The Love of Christ Impels us Toward Reconciliation

“The love of Christ impels us towards reconciliation”Theme of the Week of Prayer for Christian Unity 2017

In communion with the Pontifical Council for Christian Unity and with the World Council of Churches Commission on Faith and Order, the 13 Christian communities of the Holy Land met for the shared celebrations. An extraordinary opportunity to meet in Jerusalem, the only city that brings together as many Christians of different denominations in a small space.

Custody of the Holy Land
“Here, in the Holy Land, we are fortunate to have nearly all of the world churches present in Jerusalem, in the place where the Church was born: we all have the desire to praise the Lord, we are all children of the same God, and therefore it is essential to manifest from time to time, in an ecumenical celebration, that we are children of the same father.”

The week has been enriched by the diversity of rites.

The first meeting was held Saturday, January 21, in the Chapel of Calvary, inside the Basilica of the Holy Sepulcher. All Christians joined the Greek Orthodox monks in the office of the Apodeipnon, the Compline Liturgy of the Hours.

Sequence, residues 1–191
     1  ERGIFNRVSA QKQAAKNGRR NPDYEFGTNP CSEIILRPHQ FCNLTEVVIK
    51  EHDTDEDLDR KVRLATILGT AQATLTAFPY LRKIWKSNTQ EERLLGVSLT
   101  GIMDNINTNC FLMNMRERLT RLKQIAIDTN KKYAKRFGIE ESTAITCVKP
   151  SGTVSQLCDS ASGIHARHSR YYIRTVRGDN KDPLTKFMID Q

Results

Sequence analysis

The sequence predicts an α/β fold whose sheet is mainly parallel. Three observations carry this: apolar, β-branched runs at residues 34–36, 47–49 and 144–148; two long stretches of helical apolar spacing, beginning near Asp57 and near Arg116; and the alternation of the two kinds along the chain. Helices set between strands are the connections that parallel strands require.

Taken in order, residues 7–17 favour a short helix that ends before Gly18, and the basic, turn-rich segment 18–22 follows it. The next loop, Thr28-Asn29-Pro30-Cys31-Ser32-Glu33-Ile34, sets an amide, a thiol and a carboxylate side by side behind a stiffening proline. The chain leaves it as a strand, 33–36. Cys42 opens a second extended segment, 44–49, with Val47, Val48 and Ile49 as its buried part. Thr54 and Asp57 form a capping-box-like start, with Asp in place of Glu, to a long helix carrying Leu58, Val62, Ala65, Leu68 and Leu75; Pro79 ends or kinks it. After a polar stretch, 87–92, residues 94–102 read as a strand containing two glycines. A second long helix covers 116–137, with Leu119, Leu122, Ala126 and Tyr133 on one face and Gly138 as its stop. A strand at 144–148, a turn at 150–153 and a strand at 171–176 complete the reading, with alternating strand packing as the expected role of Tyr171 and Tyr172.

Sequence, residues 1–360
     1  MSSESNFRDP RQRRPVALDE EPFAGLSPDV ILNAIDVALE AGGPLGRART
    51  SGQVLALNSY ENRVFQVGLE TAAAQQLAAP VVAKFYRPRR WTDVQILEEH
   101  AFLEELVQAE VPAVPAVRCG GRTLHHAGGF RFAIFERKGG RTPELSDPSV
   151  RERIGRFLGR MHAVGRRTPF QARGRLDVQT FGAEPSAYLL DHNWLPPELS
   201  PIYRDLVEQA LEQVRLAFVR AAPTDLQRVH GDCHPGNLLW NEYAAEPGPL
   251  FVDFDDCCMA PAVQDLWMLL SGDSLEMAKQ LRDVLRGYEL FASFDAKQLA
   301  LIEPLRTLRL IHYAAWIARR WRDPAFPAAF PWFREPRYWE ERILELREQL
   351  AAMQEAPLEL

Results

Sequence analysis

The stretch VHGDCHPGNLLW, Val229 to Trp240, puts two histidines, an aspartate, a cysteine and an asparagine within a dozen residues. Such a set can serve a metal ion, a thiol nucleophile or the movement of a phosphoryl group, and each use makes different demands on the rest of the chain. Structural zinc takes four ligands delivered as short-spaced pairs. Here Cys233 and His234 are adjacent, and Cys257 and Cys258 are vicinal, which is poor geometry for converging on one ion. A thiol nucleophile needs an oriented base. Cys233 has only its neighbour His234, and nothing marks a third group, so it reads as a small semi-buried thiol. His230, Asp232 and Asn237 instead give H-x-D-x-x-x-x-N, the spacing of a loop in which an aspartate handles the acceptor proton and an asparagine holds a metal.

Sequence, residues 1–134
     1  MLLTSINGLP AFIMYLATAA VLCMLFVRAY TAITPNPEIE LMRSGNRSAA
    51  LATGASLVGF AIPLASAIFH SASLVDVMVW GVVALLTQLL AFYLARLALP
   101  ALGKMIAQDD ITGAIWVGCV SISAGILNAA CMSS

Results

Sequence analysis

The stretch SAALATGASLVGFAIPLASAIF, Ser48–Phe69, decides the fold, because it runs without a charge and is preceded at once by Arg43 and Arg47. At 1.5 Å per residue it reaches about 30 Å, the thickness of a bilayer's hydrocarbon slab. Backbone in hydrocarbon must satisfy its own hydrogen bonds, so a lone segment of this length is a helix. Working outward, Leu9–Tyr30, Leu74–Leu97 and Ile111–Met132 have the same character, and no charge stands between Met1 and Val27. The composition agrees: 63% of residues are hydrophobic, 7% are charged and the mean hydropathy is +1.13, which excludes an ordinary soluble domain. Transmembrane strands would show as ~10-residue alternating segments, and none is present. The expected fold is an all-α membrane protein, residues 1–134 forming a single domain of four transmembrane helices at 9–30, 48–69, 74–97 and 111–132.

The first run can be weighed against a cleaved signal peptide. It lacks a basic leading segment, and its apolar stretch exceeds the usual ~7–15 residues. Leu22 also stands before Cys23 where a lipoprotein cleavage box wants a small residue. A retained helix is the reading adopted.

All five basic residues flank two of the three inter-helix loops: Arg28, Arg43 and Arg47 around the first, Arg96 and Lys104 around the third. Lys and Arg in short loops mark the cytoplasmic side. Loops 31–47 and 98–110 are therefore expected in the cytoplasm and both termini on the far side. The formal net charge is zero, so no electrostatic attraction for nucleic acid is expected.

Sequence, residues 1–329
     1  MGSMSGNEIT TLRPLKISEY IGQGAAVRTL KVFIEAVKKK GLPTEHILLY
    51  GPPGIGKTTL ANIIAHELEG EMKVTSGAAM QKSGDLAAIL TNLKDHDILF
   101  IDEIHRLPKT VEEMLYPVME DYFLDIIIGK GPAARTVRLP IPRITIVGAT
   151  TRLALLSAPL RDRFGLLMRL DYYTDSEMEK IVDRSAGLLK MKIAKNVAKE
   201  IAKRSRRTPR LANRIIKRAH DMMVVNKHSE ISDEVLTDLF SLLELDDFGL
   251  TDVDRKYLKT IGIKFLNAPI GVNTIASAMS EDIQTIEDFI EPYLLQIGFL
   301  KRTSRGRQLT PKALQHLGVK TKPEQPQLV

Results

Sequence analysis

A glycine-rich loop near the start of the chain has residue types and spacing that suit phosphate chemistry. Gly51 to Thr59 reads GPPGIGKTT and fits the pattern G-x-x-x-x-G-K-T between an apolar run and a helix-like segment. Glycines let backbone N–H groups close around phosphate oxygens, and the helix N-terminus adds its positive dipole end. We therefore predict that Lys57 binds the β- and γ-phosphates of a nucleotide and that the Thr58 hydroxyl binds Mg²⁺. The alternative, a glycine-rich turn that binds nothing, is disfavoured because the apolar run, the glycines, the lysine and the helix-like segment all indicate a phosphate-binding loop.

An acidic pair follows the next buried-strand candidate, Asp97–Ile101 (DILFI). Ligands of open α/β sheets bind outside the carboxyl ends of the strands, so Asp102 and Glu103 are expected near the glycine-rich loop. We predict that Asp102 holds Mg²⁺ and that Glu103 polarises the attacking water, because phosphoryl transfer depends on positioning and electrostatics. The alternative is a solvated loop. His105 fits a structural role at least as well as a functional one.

From the Calvary, the site of the crucifixion and death of Jesus, to the Anglican Cathedral of St. George, and later to the Armenian Cathedral of St. James. All united in the worship of the same, one God.

Anglican Archbishop of Jerusalem
“I feel very grateful tonight, because all the churches are here in Jerusalem to worship God and to express our unity in Jesus Christ as one body.”

In the Armenian cathedral, the prayer meeting was held in a very suggestive atmosphere, thanks to various details, including the light of candles.


Armenian Patriarchate of Jerusalem
“As the priest said in his message today, unity does not mean that we should have our headquarters or a patriarch. Jesus brought us together in Heaven and He is the King, the King of Heaven, the ‘Supreme Patriarch’. We need to reflect on how we should love one another, on how to live Christianity, instead of talking about Christ.”


Melkite Greek-Catholic Patriarchal Exarchate – Jerusalem

“For over 50 years we have prayed for unity of the churches, especially at this particular time, at the end of the Feast of the Epiphany, which the Eastern Churches just celebrated. We believe that these prayers that we started on January 21 are essential and vital to our Christian faith. In the fifth century, the churches were divided (schism), but today the same churches opened their doors to pray for unity and there is no doubt: every church has its own rite but we are one in the same, when it comes to faith.